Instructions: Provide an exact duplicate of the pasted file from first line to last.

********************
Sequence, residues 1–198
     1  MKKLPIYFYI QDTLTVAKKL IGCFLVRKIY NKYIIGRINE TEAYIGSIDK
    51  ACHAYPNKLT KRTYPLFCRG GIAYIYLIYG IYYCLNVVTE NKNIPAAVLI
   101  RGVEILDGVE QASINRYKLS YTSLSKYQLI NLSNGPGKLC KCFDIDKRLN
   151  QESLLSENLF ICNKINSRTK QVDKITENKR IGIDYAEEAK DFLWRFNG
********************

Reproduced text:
Sequence, residues 1–198
     1  MKKLPIYFYI QDTLTVAKKL IGCFLVRKIY NKYIIGRINE TEAYIGSIDK
    51  ACHAYPNKLT KRTYPLFCRG GIAYIYLIYG IYYCLNVVTE NKNIPAAVLI
   101  RGVEILDGVE QASINRYKLS YTSLSKYQLI NLSNGPGKLC KCFDIDKRLN
   151  QESLLSENLF ICNKINSRTK QVDKITENKR IGIDYAEEAK DFLWRFNG